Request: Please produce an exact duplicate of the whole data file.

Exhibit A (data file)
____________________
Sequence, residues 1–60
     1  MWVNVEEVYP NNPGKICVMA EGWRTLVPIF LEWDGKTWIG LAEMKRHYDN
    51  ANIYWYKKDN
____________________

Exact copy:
Sequence, residues 1–60
     1  MWVNVEEVYP NNPGKICVMA EGWRTLVPIF LEWDGKTWIG LAEMKRHYDN
    51  ANIYWYKKDN